Paralyzed Woman Puts Toyota In A World Of Hurt

So you think when a big company gives you (and your lawyer) a sizable sum to settle a lawsuit, the lawsuit is settled? To their horror, Toyota just found out that it’s not over when it’s over. Toyota could find itself wide open. Possibly to hundreds of old lawsuits that were settled and could haunt them again. Five years ago, Pennie Green’s Camry rolled over. Of course, it was Toyota’s fault, why don’t they build roll-over proof Camrys. The woman was paralyzed. The personal injury suit was settled for $1.5 million. That should be it. Then Ms. Green and her lawyer had a change of mind that could change the world of jurisprudence. At least in America …

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Toyota's Courtroom Tactics: Intended Stalling, Deception and Hidden Documents

The mainstream media’s big story of the day is Toyota’s “sticky pedal” strategy in the courtrooms across the land. And it has little or nothing to do with actual gas pedals, and everything to do with stalling in producing the court ordered company documents that could show known deficiencies in product design and safety. AP analyzed lawsuits covering a range of complaints, and in response to requests for company documents, Toyota has consistently claimed it does not have them, or simply ignored court orders to produce the documents. The pattern being uncovered supports the claims made by Dimitros Biller, a former Toyota attorney who sued (and settled) with Toyota after contending that the company deliberately withheld evidence in older rollover cases.

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Honestly Now: Mr. Toyoda Goes To Washington. So Will Biller And His Files

This was a rough night and day for Akio Toyoda, chief of the fishtailing Toyota. At around midnight, Tokyo time, the news reached Toyoda-sama that the Honorable Edolphus Towns (D., N.Y.), chairman of the House Oversight and Government Reform Committee, had formally invited him for a visit on the hill.

This had followed a Japanese version of the “he loves me – he loves me not – he loves me.” It was made even more interesting by the botanical truism that the cherry blossom only has five petals to pick. Here, the chronicle of the deflowering …

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  • Dennis Howerton Nice article, Cory. Makes me wish I had bought Festivas when they were being produced. Kia made them until the line was discontinued, but Kia evidently used some of the technology to make the Rio. Pictures of the interior look a lot like my Rio's interior, and the 1.5 liter engine is from Mazda while Ford made the automatic transmission in the used 2002 Rio I've been driving since 2006. I might add the Rio is also an excellent subcompact people mover.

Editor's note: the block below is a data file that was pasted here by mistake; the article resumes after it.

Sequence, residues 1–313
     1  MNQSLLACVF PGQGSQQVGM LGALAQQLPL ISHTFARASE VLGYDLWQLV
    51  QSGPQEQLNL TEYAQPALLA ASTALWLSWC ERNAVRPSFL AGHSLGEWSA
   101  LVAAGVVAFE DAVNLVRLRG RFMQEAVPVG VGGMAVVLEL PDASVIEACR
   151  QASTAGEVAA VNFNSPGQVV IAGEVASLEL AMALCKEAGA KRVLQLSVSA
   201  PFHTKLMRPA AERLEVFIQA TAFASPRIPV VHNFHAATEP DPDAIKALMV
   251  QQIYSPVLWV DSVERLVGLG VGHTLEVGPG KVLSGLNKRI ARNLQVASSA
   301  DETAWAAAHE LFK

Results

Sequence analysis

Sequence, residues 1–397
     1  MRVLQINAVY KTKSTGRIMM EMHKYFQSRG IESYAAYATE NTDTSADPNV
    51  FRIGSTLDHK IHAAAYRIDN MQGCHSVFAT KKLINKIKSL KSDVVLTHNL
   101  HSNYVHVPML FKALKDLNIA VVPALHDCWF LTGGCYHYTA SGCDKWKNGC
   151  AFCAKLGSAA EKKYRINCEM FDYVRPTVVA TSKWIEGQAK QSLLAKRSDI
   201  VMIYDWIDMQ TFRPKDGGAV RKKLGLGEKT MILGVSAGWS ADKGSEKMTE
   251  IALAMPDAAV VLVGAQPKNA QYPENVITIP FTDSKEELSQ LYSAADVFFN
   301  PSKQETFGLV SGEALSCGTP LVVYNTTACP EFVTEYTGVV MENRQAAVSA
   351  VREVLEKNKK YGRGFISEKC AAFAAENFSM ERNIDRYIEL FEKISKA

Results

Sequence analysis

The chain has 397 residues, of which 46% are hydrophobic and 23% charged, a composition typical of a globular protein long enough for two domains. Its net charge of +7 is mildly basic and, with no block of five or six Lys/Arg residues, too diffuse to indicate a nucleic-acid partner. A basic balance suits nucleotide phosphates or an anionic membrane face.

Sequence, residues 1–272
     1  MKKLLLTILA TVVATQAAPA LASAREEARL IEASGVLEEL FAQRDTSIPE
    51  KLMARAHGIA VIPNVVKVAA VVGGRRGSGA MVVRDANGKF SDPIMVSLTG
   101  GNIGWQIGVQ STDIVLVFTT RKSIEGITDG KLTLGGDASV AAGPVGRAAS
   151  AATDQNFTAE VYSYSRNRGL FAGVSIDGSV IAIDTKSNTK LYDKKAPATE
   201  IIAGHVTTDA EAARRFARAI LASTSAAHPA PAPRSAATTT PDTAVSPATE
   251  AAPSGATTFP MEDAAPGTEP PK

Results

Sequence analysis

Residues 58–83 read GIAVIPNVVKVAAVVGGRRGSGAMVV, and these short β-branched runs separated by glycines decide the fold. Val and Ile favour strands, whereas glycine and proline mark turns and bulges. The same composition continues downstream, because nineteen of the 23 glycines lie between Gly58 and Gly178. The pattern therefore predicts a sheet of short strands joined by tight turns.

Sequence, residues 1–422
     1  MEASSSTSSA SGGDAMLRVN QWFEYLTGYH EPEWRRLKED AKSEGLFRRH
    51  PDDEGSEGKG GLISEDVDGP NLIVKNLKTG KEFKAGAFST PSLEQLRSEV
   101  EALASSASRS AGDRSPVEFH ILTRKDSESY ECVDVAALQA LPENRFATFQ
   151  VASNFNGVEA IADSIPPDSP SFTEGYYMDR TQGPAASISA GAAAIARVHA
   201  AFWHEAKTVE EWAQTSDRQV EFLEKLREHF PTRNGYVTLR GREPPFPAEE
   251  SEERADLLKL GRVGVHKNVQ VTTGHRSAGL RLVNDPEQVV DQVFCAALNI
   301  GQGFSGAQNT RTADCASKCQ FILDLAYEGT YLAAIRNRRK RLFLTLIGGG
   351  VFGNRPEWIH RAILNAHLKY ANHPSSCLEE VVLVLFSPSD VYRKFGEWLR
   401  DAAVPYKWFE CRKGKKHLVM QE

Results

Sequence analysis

• Sgeffe Bronco looks with JLR “reliability!”What’s not to like?!
  • FreedMike Back in the '70s, the one thing keeping consumers from buying more Datsuns was styling - these guys were bringing over some of the ugliest product imaginable. Remember the F10? As hard as I try to blot that rolling aberration from my memory, it comes back. So the name change to Nissan made sense, and happened right as they started bringing over good-looking product (like the Maxima that will be featured in this series). They made a pretty clean break.
  • Flowerplough Liability - Autonomous vehicles must be programmed to make life-ending decisions, and who wants to risk that? Hit the moose or dive into the steep grassy ditch? Ram the sudden pile up that is occurring mere feet in front of the bumper or scan the oncoming lane and swing left? Ram the rogue machine that suddenly swung into my lane, head on, or hop up onto the sidewalk and maybe bump a pedestrian? With no driver involved, Ford/Volkswagen or GM or whomever will bear full responsibility and, in America, be ambulance-chaser sued into bankruptcy and extinction in well under a decade. Or maybe the yuge corporations will get special, good-faith, immunity laws, nation-wide? Yeah, that's the ticket.
  • FreedMike It's not that consumers wouldn't want this tech in theory - I think they would. Honestly, the idea of a car that can take over the truly tedious driving stuff that drives me bonkers - like sitting in traffic - appeals to me. But there's no way I'd put my property and my life in the hands of tech that's clearly not ready for prime time, and neither would the majority of other drivers. If they want this tech to sell, they need to get it right.